Title – Perfume: The Story of a Murderer (2006)
Director – Tom Tykwer (Run Lola Run)
Cast – Ben Whishaw, Dustin Hoffman, Alan Rickman, Rachel Hurd-Wood, John Hurt, Sara Forestier
Plot – A sprawling epic set in the 18th century that follows perfume maker Jean-Baptiste Grenouille (Whishaw) whose extreme sense of smell leads him on a dark quest to find the perfect scent.
“Now pay attention to what I tell you”
Review by Eddie on 13/06/2019
Adapting Patrick Suskind’s famous and controversial 1985 novel Perfume: The Story of a Murderer was never going to be an easy task, but its a task Cloud Atlas director Tom Tykwer gave a good go at back in 2006.
Somewhat a sleeper hit upon initial release, one that saw Tykwer’s high budget film make its mark in the worldwide box-office, Perfume wasn’t exactly fawned over by critics despite its strong production values and handsomely crafted period detail but in the year’s since, this dark and morbid tale has become somewhat of an underground heavy-hitter.
Talked about in film circles, thanks largely to it’s needing to be seen to be believed final act and it’s unwavering examination of Ben Whishaw’s gifted but sadistic Jean-Baptiste Grenouille, whose on a quest to find the world’s perfect scent, of which he will find using his extraordinary sense of smell, Perfume is in many ways memorable but that doesn’t make it anymore tolerant to bare.
The problem with Tykwer’s film and its faithful adapting of Suskind’s novel is that this is a two and a half hour film that is entirely bereft of any light, sunshine or levity with Tykwer’s grey, gloomy and depressive take on the material making for viewing that is both tough and grungy.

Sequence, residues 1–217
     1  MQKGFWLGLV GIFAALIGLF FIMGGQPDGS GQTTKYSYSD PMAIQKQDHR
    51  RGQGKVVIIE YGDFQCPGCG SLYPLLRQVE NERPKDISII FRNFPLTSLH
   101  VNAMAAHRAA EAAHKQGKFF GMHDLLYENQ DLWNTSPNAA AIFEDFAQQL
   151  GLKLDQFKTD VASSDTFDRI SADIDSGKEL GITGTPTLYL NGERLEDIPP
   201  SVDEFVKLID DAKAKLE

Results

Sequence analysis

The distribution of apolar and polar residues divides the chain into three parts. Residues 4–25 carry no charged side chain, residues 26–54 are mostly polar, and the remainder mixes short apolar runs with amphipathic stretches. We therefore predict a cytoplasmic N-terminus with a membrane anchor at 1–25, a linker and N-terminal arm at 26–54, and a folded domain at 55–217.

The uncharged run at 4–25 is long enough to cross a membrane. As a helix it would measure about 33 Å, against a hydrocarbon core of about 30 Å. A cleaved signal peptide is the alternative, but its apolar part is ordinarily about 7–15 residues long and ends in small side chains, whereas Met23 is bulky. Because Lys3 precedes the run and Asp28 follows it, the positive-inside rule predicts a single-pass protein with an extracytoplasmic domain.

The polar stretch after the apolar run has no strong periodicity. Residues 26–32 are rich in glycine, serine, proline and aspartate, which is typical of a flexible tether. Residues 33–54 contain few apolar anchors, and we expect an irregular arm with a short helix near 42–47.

Grenouille is a hard central figure to put up with, barely muttering more than a few words together at a time, its not that Whishaw is bad, its just that Grenouille isn’t someone you want to be spending as much time with as he goes about an increasingly depraved quest to unlock a world changing scent that unfortunately can only be discovered by the murdering of young females.
This doesn’t exactly make for an easy going viewing experience and while you initially are waiting for a slither of goodness or light to appear from within the unfortunate Grenouille, you begin to realize that this isn’t something that will be forthcoming.
It’s as dark of a story as it sounds on paper and while some may praise Tykwer for sticking to his guns and delivering an uncompromising and very un-Hollywood treatment, there will be other’s like me who find Perfume eye-capturing in a production sense but resent the story within it and it’s not hard to see why many critics were less than enamored with Perfume upon its initial cinematic run.
Final Say –
A bizarre and nefarious little tale that features one of the modern era’s most eye-popping finales, Perfume: The Story of a Murderer is a film that’s hard to enjoy despite its fine craftsmanship, due to the very nature of it’s depressive and sinister central concept.
2 1/2 town square’s out of 5